13. A system for testing a device under test (DUT), comprising: a first Source Measurement Unit (SMU) including at least three test points connected to a first set of at least three triaxial cables, each cable having at least a center signal conductor, an outer shielding, a middle conductor, and a first ground terminal so that each of the three test points is connected to a first end of the center signal conductor of each of the first set of the three triaxial cables, respectively, and where each of the outer shieldings of the first set of triaxial cables is electrically coupled together and to the first ground terminal; a set of nodes, the set of nodes connected to a second end of each of the first set of triaxial cables and to the DUT; a second SMU including at least three test points connected to a second set of at least three triaxial cables, each cable having at least a center signal conductor, an outer shielding, a middle conductor, and a second ground terminal so that each of the three test points is connected to a first end of the center signal conductor of each of the second set of the three triaxial cables, respectively, and where each of the outer shieldings of the second set of triaxial cables is electrically coupled together and to the second ground terminal; and a second end of each of the second set of triaxial cables connected to the set of nodes and to the DUT; wherein the outer shieldings of both the first and second set of triaxial cables are electronically coupled to their respective first and second ground terminals; and wherein the first and second SMU further include: a first input terminal electrically coupled to the first test point, the first input terminal having: a first termination resistor electrically coupled in series with the first input terminal; a first and a second guard capacitor electrically coupled in series with the first termination resistor; a first guard resistor electrically coupled with the first guard capacitor and the second guard capacitor; a grounding capacitor electrically coupled in series with its respective ground terminal; a second input terminal electrically coupled to the second test point, the second input terminal having: a second termination resistor electrically coupled in series with the second input terminal; a third and fourth guard capacitor electrically coupled in series with the second termination resistor; a second guard resistor electrically coupled with the third guard capacitor and the fourth guard capacitor; and a third input terminal electrically coupled to the first input terminal, the second input terminal, and the third test point, and where the third input terminal is also electrically coupled to the grounding capacitor and its respective ground terminal.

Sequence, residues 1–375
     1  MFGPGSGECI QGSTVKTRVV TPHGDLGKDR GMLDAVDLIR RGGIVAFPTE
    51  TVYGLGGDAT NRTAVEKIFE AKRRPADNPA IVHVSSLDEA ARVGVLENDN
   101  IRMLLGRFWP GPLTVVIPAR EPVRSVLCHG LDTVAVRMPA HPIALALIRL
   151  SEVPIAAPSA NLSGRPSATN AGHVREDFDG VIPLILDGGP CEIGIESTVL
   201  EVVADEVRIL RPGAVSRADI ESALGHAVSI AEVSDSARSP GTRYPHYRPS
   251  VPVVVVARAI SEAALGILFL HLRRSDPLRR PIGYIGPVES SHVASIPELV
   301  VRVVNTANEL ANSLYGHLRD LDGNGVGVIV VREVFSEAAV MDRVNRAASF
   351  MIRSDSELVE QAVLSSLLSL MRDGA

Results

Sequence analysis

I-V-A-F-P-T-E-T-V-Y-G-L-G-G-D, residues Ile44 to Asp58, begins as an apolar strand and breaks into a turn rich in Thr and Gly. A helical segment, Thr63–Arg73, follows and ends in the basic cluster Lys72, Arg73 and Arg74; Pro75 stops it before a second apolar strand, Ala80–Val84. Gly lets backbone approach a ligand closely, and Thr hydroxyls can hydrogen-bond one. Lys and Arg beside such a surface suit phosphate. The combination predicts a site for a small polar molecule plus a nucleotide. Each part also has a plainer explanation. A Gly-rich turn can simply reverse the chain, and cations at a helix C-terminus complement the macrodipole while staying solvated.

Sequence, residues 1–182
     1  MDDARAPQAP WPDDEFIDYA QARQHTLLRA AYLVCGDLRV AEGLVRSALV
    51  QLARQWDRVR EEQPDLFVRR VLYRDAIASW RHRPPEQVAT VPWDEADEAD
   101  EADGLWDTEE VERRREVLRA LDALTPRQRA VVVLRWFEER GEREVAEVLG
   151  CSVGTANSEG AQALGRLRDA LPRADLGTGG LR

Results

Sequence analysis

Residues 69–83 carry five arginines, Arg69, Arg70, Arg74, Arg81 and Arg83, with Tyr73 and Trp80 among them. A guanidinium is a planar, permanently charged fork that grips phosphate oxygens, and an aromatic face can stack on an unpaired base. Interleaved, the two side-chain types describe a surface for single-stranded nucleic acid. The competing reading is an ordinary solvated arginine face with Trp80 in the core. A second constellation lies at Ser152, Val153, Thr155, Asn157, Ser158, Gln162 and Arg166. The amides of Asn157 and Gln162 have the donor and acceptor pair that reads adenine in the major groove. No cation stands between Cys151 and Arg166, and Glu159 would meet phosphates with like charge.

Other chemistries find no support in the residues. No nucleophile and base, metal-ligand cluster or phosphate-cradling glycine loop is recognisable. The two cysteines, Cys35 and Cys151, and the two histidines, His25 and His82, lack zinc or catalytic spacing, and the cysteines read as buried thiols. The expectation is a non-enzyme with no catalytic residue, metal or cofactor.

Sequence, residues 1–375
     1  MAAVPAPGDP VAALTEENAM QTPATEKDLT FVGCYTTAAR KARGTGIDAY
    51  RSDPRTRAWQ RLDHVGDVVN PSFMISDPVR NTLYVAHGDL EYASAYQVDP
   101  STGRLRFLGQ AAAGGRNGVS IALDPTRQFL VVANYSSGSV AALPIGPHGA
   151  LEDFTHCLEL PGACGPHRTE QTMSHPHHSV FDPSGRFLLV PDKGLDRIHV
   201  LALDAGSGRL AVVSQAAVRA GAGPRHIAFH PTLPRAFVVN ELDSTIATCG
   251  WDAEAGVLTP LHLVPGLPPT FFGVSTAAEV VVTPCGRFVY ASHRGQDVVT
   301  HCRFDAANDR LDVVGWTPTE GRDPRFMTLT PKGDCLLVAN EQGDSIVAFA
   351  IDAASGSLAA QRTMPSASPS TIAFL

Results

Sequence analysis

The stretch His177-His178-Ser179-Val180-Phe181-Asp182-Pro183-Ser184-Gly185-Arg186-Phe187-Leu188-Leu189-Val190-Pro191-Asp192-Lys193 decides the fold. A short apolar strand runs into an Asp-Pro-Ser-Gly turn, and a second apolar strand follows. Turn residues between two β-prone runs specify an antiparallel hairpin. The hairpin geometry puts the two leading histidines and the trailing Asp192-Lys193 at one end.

14. The system of claim 13, wherein the first and second SMU each include a chassis ground terminal to which the respective outer shieldings of the first and second triaxial cables are electrically coupled.